“A problem?” asked a slightly damp but glistening Lip Ton Tease.
For a moment we all stood there frozen. It reminded me of the day Grandpa McFarland caught Dirk and me smoking one of his cigars behind the potting shed. It turned out that Grandpa had no trouble with his ten and eight-year-old grandsons smoking, but he gave us each a whipping for not buying our own.
Grandpa loved his cigars more than his children or grandchildren, an attitude I’ve come to understand over the years.
Tease stood there watching us with patient intensity. Monks live for the moments when they can display patient intensity. Everybody else on the planet experiences either patient boredom, or anxious intensity. Monks hum for years to acquire this skill, then display it whenever they can.
Yes, monks love to show off.
Ono was the first to come to her wits. She ignored Lustavious’ bleeding forearm, and the bits of gore hanging from Swampy’s beak.
“You glitter and bubble, Lip Ton Tease,” she said. “Did you splish and swoosh?”
Tease turned his head in the pose that monks make when they don’t know what to say, but want to look wise. “Loofa brings wholeness to a shower,” he said.
“Ding dong,” said Ono. “You monks vroom.”
Tease straightened in a non-monk-like, but very guy-like way. For all his training, Tease was a guy, and Ono was a pretty female. Guys, be they 2-years-old, or about to fall in the grave, always like to impress pretty girls.
“Poop and boo-hoo,” Ono continued, “we can’t peep as you roar and rumble – to see you whoosh and jangle.”
A female novice, who though a female, may have been among that percentage of females who, like males, live for impressing pretty girls, said, “but you can watch us! I mean, it is permissible if you wish to observe and so find peace.”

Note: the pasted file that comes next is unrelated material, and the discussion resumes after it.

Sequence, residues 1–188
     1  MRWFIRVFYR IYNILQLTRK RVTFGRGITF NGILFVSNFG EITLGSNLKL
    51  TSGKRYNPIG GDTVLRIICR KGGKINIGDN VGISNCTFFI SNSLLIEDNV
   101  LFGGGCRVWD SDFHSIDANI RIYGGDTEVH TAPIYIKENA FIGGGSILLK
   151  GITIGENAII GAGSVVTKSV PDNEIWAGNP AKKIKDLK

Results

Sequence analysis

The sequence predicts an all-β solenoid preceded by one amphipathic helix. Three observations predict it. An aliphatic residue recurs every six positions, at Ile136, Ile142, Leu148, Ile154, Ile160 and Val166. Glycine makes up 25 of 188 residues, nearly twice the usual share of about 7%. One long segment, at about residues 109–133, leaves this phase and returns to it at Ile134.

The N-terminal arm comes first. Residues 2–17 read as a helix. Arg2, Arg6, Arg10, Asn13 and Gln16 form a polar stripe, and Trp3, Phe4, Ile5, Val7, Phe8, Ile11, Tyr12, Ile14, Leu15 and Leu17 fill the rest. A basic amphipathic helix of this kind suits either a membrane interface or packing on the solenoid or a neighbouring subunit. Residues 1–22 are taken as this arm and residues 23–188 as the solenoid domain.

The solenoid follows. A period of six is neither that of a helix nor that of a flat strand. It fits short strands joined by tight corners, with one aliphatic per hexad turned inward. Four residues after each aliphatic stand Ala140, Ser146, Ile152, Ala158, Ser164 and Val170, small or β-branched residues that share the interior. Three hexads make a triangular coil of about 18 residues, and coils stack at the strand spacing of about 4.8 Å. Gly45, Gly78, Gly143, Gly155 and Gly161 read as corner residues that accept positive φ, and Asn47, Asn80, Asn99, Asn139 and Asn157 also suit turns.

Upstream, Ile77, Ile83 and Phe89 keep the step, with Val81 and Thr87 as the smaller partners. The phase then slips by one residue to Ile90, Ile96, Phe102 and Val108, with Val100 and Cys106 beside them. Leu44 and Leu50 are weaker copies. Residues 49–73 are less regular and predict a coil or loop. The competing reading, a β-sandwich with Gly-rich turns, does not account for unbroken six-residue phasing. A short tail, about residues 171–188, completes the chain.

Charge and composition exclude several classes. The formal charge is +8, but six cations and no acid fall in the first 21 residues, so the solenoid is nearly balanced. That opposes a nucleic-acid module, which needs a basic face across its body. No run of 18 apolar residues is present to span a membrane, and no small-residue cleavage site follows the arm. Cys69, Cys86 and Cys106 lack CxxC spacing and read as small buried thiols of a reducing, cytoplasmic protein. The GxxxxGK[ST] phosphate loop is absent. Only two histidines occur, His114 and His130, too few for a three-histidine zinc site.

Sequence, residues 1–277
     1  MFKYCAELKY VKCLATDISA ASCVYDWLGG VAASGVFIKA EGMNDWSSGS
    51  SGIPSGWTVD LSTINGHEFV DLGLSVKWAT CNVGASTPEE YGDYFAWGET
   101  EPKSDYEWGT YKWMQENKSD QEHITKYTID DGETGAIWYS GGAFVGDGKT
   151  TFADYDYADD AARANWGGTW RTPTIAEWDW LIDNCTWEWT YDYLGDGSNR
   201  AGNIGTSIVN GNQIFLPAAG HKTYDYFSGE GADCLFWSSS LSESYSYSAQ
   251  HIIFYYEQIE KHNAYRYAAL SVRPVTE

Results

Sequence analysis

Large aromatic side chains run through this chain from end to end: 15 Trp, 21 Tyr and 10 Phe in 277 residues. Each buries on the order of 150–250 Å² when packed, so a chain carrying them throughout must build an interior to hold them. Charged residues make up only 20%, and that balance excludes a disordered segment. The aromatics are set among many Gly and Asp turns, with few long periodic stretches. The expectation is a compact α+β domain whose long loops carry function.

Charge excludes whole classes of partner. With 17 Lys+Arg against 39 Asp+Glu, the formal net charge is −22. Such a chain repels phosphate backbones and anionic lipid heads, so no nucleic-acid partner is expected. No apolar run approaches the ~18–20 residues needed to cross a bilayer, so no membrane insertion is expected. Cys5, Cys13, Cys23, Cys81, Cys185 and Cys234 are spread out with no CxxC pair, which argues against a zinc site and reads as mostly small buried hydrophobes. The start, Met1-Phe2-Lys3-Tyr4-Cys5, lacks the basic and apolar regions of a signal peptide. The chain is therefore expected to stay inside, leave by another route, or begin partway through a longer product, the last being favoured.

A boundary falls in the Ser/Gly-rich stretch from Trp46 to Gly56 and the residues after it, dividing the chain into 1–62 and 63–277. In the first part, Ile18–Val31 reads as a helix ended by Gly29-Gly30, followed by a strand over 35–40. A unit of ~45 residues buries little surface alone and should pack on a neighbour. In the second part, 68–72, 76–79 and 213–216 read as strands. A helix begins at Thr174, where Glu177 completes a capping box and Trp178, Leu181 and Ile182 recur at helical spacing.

“Ker-ching?” asked Ono. Her eyes, which I noted were a rather pleasant shade of green, fastened on Tease, like he was the great hero, and the bleeding Light Bringer was nothing more than a face – a face turning rapidly red – in the crowd.
“Yes,” said Tease, “Lap Er Gud, speaks truthfully – though training exercises here might disturb the peace of brunch. We would not harm anyone, but those who have not attained cleansed emotions might fear the fear that disturbs digestion.”
“Wham zing!” said Ono, accepting an invitation that was not strictly given. “May Swampy swoop and peep as well?” She gently slipped her free hand under Tease’s arm. Lustavious still held her other arm in his large hand connected to his large, albeit savaged arm.
Tease looked on Lustavious’ wound and produced a loofa from his robe. “You should clean that before you have it bandaged,” he said.
Lustavious let go of Ono’s arm who strolled out of the cafeteria between Lip Ton Tease and Lap Er Gud.
Maybe Akwar was right; she was a wizard.
A perfect drop of blood released its hold on Lustavious’ arm and hurtled out into space. Its shape elongated as it fell, whether stretching for the floor, or reaching back for its erstwhile home. Though it accelerated as it dropped, time slowed and tiny fragments of the drop refracted in the cafeteria’s sterile and unappetizing light. As the drop found oneness with the puddle below, twin crowns formed at the top of the drop, and at the point of joining. The first crown dissolved into harmony with the puddle while the second rapidly expanded its corona before rippling through the many droplets that had lost themselves in a completeness which was…
Yech. That’s what it was, a puddle of blood. I never much liked blood. I looked up at Lustavious whom I still detested.
“You need some help with that arm?”
Lustavious looked around sheepishly. Sheepish was not an expression his face knew well, and it didn’t suit him.
“I suppose,” he said, putting down the loofa as if it were a dangerous snake.
Mage-e-not’s head did not reappear until after we left.
Come back next week to see the doings in the broom closet! That came out wrong. I mean there is a broom closet involved, and stuff happens, but I don’t write “doings” very well. So come back next week to read the non-salacious events that occur in the broom closet.
(Way to go, Headley. Now nobody’s coming back next week.)
And now this message from one of my favorite sick song writers, Tom Lehrer